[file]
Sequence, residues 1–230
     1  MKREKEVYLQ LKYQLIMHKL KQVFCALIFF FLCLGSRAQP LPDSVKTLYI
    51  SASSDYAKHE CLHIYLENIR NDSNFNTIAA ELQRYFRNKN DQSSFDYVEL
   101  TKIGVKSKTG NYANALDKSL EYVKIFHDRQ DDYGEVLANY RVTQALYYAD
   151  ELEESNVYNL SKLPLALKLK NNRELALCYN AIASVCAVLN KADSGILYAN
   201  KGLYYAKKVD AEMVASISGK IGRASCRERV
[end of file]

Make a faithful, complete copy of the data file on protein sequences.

Sequence, residues 1–230
     1  MKREKEVYLQ LKYQLIMHKL KQVFCALIFF FLCLGSRAQP LPDSVKTLYI
    51  SASSDYAKHE CLHIYLENIR NDSNFNTIAA ELQRYFRNKN DQSSFDYVEL
   101  TKIGVKSKTG NYANALDKSL EYVKIFHDRQ DDYGEVLANY RVTQALYYAD
   151  ELEESNVYNL SKLPLALKLK NNRELALCYN AIASVCAVLN KADSGILYAN
   201  KGLYYAKKVD AEMVASISGK IGRASCRERV